Using CVE-2023-43641 as an example, I’ll explain how to develop an exploit for a memory corruption vulnerability on Linux. The exploit has to bypass several mitigations to achieve code execution.
We’ve invested a lot in making sure that GitHub’s developer communities have access to the latest technology to protect their accounts from compromise by malicious actors. Some of these investments include verified devices, preventing the use of compromised passwords, WebAuthn support, and supporting security keys for SSH Git operations. These security features make it easier for developers to have strong account authentication on the platform, and today, we’re excited to share a few updates in this area.
In December, we announced that beginning August 13, 2021, GitHub will no longer accept account passwords when authenticating Git operations and will require the use of strong authentication factors, such as a personal access token, SSH keys (for developers), or an OAuth or GitHub App installation token (for integrators) for all authenticated Git operations on GitHub.com. With the August 13 sunset date behind us, we no longer accept password authentication for Git operations.
If you have not done so already, please take this moment to enable 2FA for your GitHub account. The benefits of multifactor authentication are widely documented and protect against a wide range of attacks, such as phishing. There are a number of options available for using 2FA on GitHub, including:
- Physical security keys, such as YubiKeys
- Virtual security keys built-in to your personal devices, such as laptops and phones that support WebAuthn-enabled technologies, like Windows Hello or Face ID/Touch ID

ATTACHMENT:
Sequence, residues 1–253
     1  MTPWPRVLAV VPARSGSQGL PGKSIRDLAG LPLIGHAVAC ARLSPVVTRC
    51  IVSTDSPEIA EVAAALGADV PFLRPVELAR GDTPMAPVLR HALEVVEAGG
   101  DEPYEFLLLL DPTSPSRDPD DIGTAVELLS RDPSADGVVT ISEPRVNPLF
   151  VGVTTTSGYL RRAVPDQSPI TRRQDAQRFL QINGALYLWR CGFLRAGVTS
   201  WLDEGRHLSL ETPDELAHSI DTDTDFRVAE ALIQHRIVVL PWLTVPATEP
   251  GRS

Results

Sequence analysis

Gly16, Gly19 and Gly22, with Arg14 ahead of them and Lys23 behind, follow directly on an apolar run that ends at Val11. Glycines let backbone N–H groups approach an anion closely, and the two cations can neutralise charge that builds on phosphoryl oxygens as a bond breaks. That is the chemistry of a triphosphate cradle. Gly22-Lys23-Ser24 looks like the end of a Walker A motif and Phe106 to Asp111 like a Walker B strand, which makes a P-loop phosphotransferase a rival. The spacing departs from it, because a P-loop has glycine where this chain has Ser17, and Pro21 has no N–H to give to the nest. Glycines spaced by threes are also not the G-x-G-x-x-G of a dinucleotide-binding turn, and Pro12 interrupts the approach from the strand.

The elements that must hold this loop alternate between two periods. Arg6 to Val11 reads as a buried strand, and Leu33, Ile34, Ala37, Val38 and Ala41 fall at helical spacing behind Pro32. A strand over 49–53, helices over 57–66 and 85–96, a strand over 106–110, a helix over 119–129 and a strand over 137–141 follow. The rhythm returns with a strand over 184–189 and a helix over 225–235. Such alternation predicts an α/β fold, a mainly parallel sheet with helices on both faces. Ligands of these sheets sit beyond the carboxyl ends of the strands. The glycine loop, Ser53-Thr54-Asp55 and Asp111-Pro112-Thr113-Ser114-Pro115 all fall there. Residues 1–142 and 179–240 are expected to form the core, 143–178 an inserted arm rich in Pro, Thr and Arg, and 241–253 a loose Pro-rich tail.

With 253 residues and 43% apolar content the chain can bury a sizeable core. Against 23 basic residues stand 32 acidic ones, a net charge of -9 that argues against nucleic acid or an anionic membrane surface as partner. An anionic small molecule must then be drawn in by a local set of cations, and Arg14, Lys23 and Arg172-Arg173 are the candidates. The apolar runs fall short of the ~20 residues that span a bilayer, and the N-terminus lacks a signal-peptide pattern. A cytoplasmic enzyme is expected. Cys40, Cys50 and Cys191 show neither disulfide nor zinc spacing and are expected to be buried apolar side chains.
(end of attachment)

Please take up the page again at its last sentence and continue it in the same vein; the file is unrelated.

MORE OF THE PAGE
- Time-based One-Time Password (TOTP) authenticator apps
- Short Message Service (SMS)
While SMS is available as an option, we strongly recommend the use of security keys or TOTPs wherever possible. SMS-based 2FA does not provide the same level of protection, and it is no longer recommended under NIST 800-63B. The strongest methods widely available are those that support the emerging WebAuthn secure authentication standard. These methods include physical security keys as well as personal devices that support technologies such as Windows Hello or Face ID/Touch ID. We are excited and optimistic about WebAuthn, which is why we have invested early and will continue to invest in it at GitHub.
After securing your account with a security key, there’s more you can do with them. You can also digitally sign your git commits using a GPG key stored on your security key. Here is a detailed configuration guide for setting up your YubiKey with GitHub for commit verification and for SSH-based authentication. We’ve also partnered with Yubico to create a step-by-step video guide to help you enable your security key for SSH keys and commit verification.
Lastly, in 2015, we announced our support of Universal 2 Factor Authentication and created GitHub branded YubiKeys to mark the occasion. We thought it was fitting for this moment to make another batch with Yubico. As we continue our efforts to secure GitHub and the developer communities that depend on it, we are once again offering branded YubiKey 5 NFC and YubiKey 5C NFC keys! Get yours while supplies last at The GitHub Shop.